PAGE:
“It’s very important to protect the public funds. There have been measures in place to ensure that NPOs account for every cent they use in the public purse. They are also being trained on how to handle public funds. The government introduced more stringent measures (in the new Sector Level Agreements and Sector Funding Policy) to ensure best value for money when it comes to the work done,” said Memela. 

Read more in Daily Maverick: Western Cape NPOs sound alarm on impacts of social development budget cuts on the vulnerable

Yvonne van der Galien, who runs Rehoboth Children’s Village, just past Port Shepstone, said: “Our centre has houses, so since they cut us down by 10 children, that means a house mother (guardian) will work less hours or we have to let her go. So it will affect jobs.”

NPO directors working in the Ugu District Municipality said vulnerable children in their area are now being placed in government facilities in Durban, or even further away from their homes, since the KZN DSD has cut the number of children who are funded in different organisations. 

The department said there are 70 child and youth care centres throughout the province and seven are state-owned facilities that always have space for children.

“The facilities are all open to accommodate children from all the districts. All new admissions that cannot be accommodated in Ugu will be accommodated in other facilities.

“Children that were sent to eThekwini in the previous year were sent due to other reasons and not budget cuts. All currently admitted children with valid court orders will not be affected by the budget cuts,” the department said.

Service-level agreements

NPO leaders also questioned why the department had apparently rushed them to sign new service-level agreements (SLAs) before the new financial year on 1 April. They said the previous SLAs were valid until the 2025 financial year. 

Some of the NPOs under the NPO network are yet to sign the new SLAs in the hope of renegotiating, and some are still preparing documentation required by the department. Most organisations Daily Maverick spoke to received the agreements with new budgets on or after 19 March, before the beginning of the new financial year on 1 April.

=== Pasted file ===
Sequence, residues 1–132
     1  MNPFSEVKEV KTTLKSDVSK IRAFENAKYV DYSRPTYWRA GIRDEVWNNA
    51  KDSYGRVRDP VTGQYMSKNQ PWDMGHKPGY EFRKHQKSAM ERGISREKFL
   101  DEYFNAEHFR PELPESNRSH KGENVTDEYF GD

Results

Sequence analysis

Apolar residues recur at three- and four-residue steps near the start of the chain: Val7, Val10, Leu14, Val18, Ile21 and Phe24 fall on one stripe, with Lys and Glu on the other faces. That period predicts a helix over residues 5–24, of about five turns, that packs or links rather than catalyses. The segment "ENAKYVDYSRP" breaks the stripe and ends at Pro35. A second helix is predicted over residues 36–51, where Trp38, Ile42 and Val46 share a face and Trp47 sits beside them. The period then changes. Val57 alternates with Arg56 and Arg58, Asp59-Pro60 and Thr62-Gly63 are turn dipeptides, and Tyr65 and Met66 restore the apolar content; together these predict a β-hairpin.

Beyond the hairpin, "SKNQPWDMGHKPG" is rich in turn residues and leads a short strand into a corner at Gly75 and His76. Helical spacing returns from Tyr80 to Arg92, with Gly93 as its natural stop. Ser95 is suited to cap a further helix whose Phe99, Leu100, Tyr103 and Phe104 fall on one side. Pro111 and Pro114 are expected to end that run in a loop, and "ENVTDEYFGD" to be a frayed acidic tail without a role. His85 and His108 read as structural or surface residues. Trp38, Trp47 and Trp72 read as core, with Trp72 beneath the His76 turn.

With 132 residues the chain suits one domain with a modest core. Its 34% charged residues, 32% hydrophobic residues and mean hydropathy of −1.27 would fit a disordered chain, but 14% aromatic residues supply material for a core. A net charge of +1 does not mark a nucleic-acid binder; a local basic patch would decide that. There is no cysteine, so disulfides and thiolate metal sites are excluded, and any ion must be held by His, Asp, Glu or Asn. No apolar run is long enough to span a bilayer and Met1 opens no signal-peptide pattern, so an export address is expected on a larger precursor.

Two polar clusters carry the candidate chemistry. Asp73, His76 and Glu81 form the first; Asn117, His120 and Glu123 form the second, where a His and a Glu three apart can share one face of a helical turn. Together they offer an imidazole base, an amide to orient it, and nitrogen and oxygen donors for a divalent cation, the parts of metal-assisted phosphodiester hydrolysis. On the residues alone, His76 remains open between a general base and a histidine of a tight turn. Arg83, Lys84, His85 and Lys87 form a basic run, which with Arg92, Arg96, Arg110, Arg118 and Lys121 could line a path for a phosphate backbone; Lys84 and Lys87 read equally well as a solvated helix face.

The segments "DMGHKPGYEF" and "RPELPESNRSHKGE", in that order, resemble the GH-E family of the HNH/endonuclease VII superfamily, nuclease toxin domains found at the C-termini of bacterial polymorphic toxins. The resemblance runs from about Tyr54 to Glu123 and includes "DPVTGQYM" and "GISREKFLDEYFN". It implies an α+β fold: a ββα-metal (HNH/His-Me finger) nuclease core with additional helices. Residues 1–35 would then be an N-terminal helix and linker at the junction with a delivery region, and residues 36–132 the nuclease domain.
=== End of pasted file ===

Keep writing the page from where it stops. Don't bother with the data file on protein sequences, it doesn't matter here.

The DSD said: “The new SLA supersedes all previous editions and addenda. The department is in continuous communication with the NPOs in writing and also holding briefing sessions per district.

“All queries raised during briefing sessions are addressed at the briefing sessions, and written queries are responded to as they are received by the department. The department is open to providing clarification where needed.”

Daily Maverick attended the first briefing about the new SLAs in Pietermaritzburg in late March. Julie Todd, leader of the Non-Profit Sector Network, said she felt the department was not acting in good faith.

“They still are not answering the questions posed to them and all of their modus operandi is in direct contrast to the yet-to-be-implemented Sector Funding Policy, which they base their actions on,” she said.

De Sousa said the lack of communication and budget cuts violate children’s rights by hindering access to essential services.

“Children come to us because they have been subjected to sometimes horrific abuse. It’s unfortunate that we experience an environment where our ‘partner’ places us in a position where we have no option but to violate those children’s rights,” she said.

“Children have the right to education; if there is no money to get them to school then their right to education gets violated.”

In response to concerns raised about the lack of communication, the DSD referred to its district briefing sessions with the head of department.

Responding to claims that children’s rights are at risk, the department noted its past efforts to cushion NPOs’ subsidies and current severe financial constraints. DM